Neonatal Hypoxia in Term Infants: Obstetrical Predictors and Perinatal Consequences [24H]

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To determine the demographic, obstetrical, intrapartum and perinatal factors associated with neonatal hypoxia.


Of singleton pregnancies delivered at term in 2013; 46 (0.6%) cases identified as neonatal hypoxia were compared to 8273 neonates (controls). Analysis utilized Chi-square, student T test and regression analysis.


Prenatal factors associated with increased risk of neonatal hypoxia included higher BMI, unmarried mothers, smoking, severe preeclampsia, GBS+ and birth defects. Intrapartum factors that increased the risk of neonatal hypoxia included late decelerations, fetal tachycardia, maternal fever, chorioamnionitis, abnormal fetal heart rate (FHR), primary cesarean section (C/S), and the use of magnesium sulfate, nifedipine, gentamycin or clindamycin in labor. Mothers of hypoxic neonates had more blood loss and longer hospital stay. Neonates with hypoxia had lower Apgar scores, umbilical cord gases trending towards acidosis, and more NICU admission. Associated morbidity with neonatal hypoxia included pulmonary disease (91%), hypoxic ischemic encephalopathy (76%), jaundice (70%), birth defects (65%), nutrition disorders (40%), electrolyte derangements/dehydration (26%), neurological dysfunction (20%), sepsis (20%), and hematological disorders (20%). Regression analysis showed that independent predictors of neonatal hypoxia were maternal fever (P=.001, odds ratio [OR]=6.151); severe preeclampsia (P=.003, OR=6.921); birth defects (P=.000, OR=5.962); smoking (P=.011, OR=3.595); primary C/S (P=.045, OR 2.0); abnormal FHR coding (P=.001 OR=3.12).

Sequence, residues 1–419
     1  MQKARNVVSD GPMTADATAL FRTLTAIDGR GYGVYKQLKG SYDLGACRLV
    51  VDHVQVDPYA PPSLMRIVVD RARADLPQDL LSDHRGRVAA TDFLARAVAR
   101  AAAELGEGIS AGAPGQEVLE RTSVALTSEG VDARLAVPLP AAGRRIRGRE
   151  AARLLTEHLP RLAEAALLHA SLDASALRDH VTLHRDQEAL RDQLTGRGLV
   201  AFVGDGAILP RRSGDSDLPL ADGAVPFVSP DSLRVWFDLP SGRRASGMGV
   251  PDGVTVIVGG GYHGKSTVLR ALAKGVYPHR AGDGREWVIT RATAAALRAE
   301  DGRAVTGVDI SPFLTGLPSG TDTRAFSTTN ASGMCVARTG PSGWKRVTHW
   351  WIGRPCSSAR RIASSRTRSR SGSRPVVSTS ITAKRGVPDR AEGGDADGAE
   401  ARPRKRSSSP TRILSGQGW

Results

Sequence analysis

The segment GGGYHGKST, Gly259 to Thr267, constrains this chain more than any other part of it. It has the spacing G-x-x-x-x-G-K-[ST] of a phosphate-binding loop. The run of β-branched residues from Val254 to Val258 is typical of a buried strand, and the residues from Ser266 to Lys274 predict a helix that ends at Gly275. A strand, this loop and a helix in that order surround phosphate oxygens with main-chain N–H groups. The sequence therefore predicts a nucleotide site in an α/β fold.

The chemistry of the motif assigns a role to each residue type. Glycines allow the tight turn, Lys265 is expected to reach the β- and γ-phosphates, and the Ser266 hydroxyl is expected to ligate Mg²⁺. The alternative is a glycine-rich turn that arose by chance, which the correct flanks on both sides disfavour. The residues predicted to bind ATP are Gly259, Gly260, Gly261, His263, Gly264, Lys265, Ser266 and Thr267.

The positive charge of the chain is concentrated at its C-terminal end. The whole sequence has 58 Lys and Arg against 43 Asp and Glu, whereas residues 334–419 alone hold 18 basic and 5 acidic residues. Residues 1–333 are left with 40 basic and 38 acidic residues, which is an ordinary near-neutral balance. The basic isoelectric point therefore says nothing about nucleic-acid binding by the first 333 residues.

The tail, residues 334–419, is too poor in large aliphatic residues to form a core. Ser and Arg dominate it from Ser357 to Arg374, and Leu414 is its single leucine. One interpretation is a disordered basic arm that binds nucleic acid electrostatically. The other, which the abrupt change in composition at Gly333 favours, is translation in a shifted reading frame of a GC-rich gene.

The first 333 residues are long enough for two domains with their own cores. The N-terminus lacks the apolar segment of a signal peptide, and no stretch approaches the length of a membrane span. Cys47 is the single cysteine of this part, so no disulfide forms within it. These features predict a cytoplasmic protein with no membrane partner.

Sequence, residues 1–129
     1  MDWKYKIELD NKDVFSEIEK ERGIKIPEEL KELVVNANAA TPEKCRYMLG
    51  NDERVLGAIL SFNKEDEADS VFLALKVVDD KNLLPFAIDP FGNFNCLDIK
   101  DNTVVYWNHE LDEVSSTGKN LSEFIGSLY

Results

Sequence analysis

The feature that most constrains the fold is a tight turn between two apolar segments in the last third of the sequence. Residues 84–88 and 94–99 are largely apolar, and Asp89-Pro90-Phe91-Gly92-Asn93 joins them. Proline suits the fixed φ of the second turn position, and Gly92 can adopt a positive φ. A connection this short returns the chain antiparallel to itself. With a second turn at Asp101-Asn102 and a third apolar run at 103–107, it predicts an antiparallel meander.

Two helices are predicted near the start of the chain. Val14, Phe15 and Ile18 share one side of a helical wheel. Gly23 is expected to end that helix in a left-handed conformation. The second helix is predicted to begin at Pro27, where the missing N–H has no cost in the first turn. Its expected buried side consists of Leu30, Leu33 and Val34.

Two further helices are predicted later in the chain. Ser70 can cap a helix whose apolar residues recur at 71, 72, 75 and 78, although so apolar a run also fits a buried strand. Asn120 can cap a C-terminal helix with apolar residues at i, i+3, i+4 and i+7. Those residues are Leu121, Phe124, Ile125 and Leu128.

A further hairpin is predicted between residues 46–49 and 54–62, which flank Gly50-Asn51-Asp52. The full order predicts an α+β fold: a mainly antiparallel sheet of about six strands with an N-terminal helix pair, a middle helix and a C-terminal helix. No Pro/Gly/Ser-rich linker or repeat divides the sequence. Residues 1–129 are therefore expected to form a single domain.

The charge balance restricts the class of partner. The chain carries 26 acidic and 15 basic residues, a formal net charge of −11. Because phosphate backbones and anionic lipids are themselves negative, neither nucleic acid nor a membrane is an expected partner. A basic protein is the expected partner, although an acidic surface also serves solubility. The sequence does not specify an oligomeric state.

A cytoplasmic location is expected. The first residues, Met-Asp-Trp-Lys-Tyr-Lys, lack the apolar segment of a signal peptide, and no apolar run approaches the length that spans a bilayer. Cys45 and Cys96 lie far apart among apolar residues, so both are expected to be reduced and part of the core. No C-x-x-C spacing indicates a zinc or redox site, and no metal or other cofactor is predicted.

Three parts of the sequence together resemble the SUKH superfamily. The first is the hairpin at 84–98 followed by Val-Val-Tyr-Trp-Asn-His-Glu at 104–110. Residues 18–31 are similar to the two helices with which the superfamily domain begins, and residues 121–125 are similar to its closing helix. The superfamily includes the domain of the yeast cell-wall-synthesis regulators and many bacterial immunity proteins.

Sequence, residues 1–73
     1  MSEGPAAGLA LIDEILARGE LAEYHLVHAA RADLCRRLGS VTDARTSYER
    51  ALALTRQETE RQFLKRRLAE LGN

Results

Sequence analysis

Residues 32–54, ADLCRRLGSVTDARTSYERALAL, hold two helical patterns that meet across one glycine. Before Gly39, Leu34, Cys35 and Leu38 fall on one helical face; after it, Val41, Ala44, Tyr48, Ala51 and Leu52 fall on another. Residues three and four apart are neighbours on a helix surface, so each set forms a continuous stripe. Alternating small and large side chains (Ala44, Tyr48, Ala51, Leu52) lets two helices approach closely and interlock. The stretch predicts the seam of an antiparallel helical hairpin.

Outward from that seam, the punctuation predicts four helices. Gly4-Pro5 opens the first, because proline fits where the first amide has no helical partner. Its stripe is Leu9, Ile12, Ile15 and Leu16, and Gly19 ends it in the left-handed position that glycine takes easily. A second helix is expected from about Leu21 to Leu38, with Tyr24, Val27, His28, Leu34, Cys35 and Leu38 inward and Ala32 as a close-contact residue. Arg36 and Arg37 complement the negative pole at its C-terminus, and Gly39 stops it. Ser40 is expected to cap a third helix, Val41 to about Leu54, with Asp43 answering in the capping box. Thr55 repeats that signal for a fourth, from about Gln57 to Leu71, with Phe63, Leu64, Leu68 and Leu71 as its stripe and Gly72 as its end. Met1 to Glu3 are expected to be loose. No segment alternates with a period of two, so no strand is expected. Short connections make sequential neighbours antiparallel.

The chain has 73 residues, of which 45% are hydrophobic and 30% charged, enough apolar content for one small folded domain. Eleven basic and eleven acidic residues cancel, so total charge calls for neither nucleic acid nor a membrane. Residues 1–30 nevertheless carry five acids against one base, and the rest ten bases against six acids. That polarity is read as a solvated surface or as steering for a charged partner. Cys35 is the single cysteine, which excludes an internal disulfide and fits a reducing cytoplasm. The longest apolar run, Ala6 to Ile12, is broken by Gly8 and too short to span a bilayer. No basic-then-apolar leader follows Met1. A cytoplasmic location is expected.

Severe preeclampsia and intrapartum infection are major predictors of neonatal hypoxia and should be targets of preventive efforts. Additionally, measures to reduce maternal smoking, the safe reduction of primary C/S, effective prenatal diagnosis, and appropriate management of intrapartum fetal stress conditions may facilitate the prevention of neonatal hypoxia.

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